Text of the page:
Taking a close look at the discussed pros and cons, we can have a pretty fair idea about the capabilities and limitations of using a VPN to enhance our internet security. In short, if your VPN service is subpar, you are better off without using a VPN in the first place.
Tor: what is it, and how is it different from a VPN?
A Tor is similar to a VPN in many aspects. Just like a VPN, it:
- Encrypts your internet traffic
- Hides your actual location
- Helps you bypass geo-blocking
- Provides you with anonymity so you can’t be tracked or monitored
All of these qualities resemble a VPN. But don’t be fooled by thinking that Tor and VPN are the same. There is a reason why there is a heated discussion on Tor network vs. VPN and here’s why.
Tor is a network of servers
The way Tor is fundamentally different from a VPN is its method of working. If I were to describe Tor in one sentence, it would be this:
Tor is a network of distributed servers that are run by people like you and me.
In a Tor network, at any one time, a pathway is established between 3 servers. These servers then serve as the nodes of the network, providing encryption and anonymity. Following things happen when you connect to a Tor network:
- 3 servers are chosen, and a path is established between them. The servers are called the Guard Node, the Middle Node, and the Exit Node
- The software that creates the pathway between these 3 serves also encrypts the message that needs to be sent. The message is encrypted 3 times. The first encryption is meant for the Exit Node to decrypt. The second is intended for the Middle Node to decrypt and the first encryption is decrypted by the Guard Node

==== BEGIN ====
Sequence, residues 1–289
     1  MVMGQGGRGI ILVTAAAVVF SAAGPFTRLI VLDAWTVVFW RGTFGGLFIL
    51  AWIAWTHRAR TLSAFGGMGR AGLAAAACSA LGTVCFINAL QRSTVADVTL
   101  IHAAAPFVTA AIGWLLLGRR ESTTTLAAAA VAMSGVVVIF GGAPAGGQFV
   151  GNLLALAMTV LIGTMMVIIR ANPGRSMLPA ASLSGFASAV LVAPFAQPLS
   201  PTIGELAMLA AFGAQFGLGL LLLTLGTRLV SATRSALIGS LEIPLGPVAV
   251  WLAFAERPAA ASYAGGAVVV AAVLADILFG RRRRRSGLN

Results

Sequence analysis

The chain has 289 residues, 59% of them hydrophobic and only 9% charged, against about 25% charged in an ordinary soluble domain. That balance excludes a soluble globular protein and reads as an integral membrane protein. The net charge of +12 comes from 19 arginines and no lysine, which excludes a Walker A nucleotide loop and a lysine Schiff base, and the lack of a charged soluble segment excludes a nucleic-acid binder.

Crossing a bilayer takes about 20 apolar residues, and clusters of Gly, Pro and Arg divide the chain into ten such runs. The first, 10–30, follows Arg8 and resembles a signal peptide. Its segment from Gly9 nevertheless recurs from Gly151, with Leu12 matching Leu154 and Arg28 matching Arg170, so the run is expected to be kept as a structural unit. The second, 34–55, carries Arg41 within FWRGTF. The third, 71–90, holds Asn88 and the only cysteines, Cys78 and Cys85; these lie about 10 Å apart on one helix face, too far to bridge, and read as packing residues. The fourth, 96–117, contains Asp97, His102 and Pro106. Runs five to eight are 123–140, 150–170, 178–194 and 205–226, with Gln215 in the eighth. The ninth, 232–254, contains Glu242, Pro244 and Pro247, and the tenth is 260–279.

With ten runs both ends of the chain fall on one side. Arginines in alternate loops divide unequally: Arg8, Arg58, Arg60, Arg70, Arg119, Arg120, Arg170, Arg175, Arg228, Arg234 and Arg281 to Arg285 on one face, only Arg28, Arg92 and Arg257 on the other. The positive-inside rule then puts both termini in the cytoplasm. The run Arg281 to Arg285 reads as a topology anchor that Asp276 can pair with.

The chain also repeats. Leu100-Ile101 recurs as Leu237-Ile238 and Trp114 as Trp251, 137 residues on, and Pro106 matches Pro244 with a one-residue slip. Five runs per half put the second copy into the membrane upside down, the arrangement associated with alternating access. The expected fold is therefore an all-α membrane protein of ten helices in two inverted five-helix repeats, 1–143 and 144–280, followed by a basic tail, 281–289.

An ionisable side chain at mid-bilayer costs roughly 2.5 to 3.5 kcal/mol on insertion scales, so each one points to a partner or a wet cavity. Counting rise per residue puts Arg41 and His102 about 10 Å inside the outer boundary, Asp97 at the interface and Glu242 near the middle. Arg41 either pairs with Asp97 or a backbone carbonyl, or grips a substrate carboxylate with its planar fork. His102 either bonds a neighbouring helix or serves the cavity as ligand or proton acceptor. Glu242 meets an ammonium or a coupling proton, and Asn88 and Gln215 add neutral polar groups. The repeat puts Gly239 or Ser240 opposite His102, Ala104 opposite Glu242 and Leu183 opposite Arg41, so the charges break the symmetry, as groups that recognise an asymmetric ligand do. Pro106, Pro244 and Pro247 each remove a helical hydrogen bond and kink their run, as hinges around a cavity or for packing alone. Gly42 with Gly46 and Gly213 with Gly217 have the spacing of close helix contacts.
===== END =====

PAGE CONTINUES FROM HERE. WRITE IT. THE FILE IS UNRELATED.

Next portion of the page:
- The message is first sent to the Guard Node. The Guard Node decrypts the message, determines it can only read the address of the next server and nothing else and passes it to the Middle Node
- The same happens at the Middle Node, and the message is given to the Exit Node
- The Exit Node then reads the destination address, and your message is delivered
In this process, only the Guard Node knows where the message is coming from, the Middle Node knows nothing about the message and the sender, while the Exit Node only knows about the message. This is how a Tor network guarantees your safety. No Node at any one point knows what the message says and who sent it.
In addition to this, the nodes are recalculated after 10-minute intervals. This way, no one can trace the nodes back to you.
Tor network vs. VPN
Now that you know how a Tor network works, this is how it differs from a VPN:
- The Tor network is not run by a company. Therefore it is completely decentralized